Monday, May 21, 2001

In My Life

Teen's driving dreams come 'crashing' down

By Dan Corbett

        Dan Corbett is a junior at Middletown Christian School. He's class chaplain and a member of the track team. He lives in Maineville with his Mom and sister, Nora. He regularly pursues his PacMan and pinball passions at the West Chester home of his dad, Karl.

        When you sit down to read the morning paper, you are barraged with many highly debated issues. One is the peril of teen driving. Commonly, mom flirts with cardiac arrest at home because junior has taken the car to the store for some milk. The buzz is merited, given the high rate of juvenile accidents and fatalities.

        My driving career began in the summer of 1999 in a musty civic building's basement with a hard-nosed driving teacher named Helen. I made some new friends as we spent the mandated 24 hours there, filling out crossword puzzles pertaining to driving and watching videos featuring thousands of exploding cars.

        After six months of these videos, driving with my parents, and the relentless advice from every adult I came into contact with, I was ready to get my license.

        One day in March of 2000, I woke up ready to throw myself into the sea of road rage and squealing tires. My dad and I arrived at the Bureau of Motor Vehicles, one of those places that is like a little taste of hell.

        Not only was the number I pulled 30 spots behind what they were calling, but during the wait, my dad and I sat in a stuffy room with a collection of odd strangers.

        Finally, my name was called. I fumbled up to the counter where I was met by a pair of cold gray eyes. “Fourty-seven,” I said coolly, handing the tall, lanky instructor my laminated number.

        “Go start your car, please,” he said as he smiled, knowing he was holding my future in his hands.

        I started the car, he climbed in, and I awaited his instructions. He told me to turn right, I signaled early and made my way onto a commercial road. We wound through a residential area.

        Left turn. Right turn. Right turn. Stop. It was basically a circle and a few seconds into it, I was relaxed and hardly noticed those steely eyes peeking from above his sunglasses.

        “Congratulations,” he said, giving me an earnest grin. I had done it. Now, my chariot awaited me.

        My chariot was a 1991 Oldsmobile Cutlass complete with an eight-track tape player.

        That's right — eight-track! The man I purchased the car from was in one word: eccentric. He had ripped out the factory stereo and installed an eight-track. He had also affixed silk flowers and other decorations to the interior and exterior of the Cutlass. But it was mine, it was cheap, it was a “chick magnet.”

        For nearly a month, I traveled (perhaps a little too quicky) without incident. That record had to be broken. After school one day, I had slipped out to finish filing my paperwork for my job at Paramount's Kings Island. I was traveling what was once a lightly used one-lane road that had now become stomping grounds for all the suburbanites and their SUVs.

        I made a stop and prepared to turn left down the hill. One of those infamous SUVs came charging up the hill and struck my mighty Cutlass.

        It brought to mind Mark McGwire hitting a Wiffle ball. I got out to make sure the woman driving was OK. She was; barely a scratch on her Suburban. My friend Eric's father, Keith, deemed the Oldsmobile's remnants “drivable.” The tow truck arrived as I hopped into Keith's truck to go home. So in the next month, my father and I became experts on bodywork.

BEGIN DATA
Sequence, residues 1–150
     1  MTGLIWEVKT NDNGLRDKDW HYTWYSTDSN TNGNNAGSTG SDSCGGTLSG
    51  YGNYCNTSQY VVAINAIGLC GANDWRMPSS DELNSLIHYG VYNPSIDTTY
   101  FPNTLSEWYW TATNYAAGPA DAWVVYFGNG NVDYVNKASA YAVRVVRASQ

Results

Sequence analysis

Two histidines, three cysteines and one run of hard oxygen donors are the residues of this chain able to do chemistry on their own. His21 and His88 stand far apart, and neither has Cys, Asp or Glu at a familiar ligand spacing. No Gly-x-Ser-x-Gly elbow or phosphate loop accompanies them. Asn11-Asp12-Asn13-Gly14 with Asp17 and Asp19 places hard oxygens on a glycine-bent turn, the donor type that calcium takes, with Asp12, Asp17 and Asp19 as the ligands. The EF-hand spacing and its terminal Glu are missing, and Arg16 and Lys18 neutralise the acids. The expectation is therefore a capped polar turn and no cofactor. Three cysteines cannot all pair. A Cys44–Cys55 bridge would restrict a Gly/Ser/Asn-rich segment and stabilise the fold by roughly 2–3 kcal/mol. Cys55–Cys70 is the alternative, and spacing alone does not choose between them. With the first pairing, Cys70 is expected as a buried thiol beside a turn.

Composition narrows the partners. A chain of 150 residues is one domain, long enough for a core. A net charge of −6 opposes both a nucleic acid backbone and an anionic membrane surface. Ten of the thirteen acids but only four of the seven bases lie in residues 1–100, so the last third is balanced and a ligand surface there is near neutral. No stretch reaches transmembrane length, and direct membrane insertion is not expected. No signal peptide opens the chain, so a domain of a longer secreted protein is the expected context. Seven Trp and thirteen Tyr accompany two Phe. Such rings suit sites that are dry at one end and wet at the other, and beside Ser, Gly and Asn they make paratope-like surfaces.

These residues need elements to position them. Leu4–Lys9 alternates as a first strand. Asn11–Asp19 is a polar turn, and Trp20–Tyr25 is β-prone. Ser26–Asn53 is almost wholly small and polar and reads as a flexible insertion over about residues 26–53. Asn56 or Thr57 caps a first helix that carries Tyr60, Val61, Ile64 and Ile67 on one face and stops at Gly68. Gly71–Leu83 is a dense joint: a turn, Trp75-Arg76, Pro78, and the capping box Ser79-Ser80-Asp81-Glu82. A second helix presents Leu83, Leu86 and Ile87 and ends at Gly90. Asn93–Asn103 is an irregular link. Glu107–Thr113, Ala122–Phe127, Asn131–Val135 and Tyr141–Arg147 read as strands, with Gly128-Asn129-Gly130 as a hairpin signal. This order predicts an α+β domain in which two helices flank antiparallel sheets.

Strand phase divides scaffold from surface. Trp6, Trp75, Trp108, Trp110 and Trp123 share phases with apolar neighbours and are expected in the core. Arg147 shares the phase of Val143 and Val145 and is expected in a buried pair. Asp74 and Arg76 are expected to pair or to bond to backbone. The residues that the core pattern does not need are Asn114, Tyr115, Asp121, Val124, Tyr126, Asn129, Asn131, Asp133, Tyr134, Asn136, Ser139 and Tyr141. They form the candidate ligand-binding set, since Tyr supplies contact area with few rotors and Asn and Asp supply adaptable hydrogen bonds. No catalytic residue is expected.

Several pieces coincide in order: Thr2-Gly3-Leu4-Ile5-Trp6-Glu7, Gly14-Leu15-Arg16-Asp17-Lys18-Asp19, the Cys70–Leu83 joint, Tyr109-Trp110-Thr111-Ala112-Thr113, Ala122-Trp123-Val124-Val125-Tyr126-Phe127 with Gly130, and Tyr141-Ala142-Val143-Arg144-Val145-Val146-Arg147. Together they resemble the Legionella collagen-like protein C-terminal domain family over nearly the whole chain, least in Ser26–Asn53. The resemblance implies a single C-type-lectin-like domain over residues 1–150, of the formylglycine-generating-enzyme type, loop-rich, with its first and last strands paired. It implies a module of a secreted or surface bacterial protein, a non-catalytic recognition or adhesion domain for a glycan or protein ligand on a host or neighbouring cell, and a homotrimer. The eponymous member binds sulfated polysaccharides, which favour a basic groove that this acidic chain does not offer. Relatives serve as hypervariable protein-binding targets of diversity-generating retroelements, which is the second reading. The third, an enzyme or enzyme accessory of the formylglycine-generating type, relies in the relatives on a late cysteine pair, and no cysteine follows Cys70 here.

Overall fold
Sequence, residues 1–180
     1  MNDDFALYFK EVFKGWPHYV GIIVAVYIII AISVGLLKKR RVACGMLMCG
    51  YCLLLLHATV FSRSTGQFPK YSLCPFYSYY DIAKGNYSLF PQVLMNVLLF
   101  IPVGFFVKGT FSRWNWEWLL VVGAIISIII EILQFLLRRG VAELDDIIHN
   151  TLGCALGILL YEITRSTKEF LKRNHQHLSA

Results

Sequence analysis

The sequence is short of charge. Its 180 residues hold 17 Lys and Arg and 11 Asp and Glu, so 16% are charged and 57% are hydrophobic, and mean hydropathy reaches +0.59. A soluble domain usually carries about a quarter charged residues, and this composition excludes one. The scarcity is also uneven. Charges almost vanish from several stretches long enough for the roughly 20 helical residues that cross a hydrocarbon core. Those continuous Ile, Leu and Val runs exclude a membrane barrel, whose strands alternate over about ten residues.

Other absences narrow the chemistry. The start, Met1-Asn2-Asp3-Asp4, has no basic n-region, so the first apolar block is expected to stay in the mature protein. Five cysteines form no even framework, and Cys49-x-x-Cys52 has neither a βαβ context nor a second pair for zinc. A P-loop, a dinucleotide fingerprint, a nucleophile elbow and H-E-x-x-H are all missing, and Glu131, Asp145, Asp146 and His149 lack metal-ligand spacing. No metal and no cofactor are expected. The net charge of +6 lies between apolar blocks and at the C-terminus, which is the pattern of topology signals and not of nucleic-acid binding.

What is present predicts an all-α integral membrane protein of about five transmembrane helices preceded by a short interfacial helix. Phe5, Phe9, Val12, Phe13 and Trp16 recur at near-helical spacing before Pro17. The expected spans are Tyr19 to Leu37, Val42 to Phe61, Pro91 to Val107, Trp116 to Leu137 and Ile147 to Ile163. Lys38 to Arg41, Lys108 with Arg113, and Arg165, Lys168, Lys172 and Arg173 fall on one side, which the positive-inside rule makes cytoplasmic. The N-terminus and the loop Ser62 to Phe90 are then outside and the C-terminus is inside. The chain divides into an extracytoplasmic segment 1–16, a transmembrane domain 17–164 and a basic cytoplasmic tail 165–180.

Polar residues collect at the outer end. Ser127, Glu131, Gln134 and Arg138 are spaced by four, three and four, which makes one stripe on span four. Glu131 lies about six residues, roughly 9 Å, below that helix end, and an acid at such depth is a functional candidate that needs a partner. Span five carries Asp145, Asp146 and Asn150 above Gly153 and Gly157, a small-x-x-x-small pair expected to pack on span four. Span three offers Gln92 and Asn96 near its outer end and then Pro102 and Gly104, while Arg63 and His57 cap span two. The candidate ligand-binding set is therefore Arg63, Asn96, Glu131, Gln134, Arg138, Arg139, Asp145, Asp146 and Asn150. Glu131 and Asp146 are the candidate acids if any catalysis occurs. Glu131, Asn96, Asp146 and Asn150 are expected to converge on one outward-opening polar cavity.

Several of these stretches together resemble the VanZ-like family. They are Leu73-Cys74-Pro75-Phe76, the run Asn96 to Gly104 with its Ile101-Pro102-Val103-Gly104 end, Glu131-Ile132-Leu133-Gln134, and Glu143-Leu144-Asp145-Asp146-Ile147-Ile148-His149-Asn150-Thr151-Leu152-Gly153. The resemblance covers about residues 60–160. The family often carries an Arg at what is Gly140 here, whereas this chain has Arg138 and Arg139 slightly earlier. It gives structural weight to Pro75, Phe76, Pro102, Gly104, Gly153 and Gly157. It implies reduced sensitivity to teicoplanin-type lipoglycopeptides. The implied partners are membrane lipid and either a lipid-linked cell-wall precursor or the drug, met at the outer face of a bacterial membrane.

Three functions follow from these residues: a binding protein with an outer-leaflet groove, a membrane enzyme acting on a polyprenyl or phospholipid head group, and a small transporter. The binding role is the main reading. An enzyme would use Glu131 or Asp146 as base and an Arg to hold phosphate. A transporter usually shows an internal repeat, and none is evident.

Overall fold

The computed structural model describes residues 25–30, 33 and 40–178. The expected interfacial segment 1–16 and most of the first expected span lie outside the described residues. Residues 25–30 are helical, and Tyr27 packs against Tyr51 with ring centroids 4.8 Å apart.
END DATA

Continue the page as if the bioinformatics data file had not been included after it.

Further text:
Now my dad and I doing anything with cars was like turning a 2-year-old loose to make an ice sculpture, but by a miracle, two trips to the salvage yard and countless hammer injuries later, my baby emerged roadworthy.

        After watching even more car explosions at Car Teens, I vowed to God and country to have more respect for driving, life, and even Barry Manilow music as I picked up the keys again.

        Several months later, I was dragged through another vehicular travesty. I had finally hosed all of the LaRosa's Recipe pizza sauce off my body and clocked out from my job at PKI. I was in my typical “end of a 12-hour day stupor” when I backed out of my parking space in search of some well-earned rest. I pulled slowly onto a stretch that led out of the parking lot when I was violently thrashed by a “good ol' boy” on his way to pick up his daughter. This was not just a “fender-bender.” My baby was dead.

        I got out to make sure he was OK. (I knew the drill). He was an ex-Marine with a bad sense of humor. I was a 16-year-old boy wearing PKI garb and standing in front of what used to be a '91 Cutlass. The scene was utter chaos: 12:30 a.m. There I stood, on the verge of tears as all the guests made their exodus to their vehicles.

        A few young men joined the scene shouting expletives in my defense claiming the other driver was going too fast. In defending himself to the park police, GI Joe degraded my driving, my character and worse — my taste in cars.

        As I watched the remains of my Cutlass being swept up by a groundskeeper, armed with a push broom and dustpan, Eric's dad arrived. He gave me a hug and shed his insight once more: “Pitch it,” he said coolly.

        About a month later, I purchased a reliable '88 Mercury Sable from a friend of mine for a hard bargain of $200.

        My advice to teen drivers: Take it slow.

        Tell us your story

        In My Life is about recent significant moments — big and small — in people's lives. Readers are invited to submit columns, which become the property of the Enquirer.
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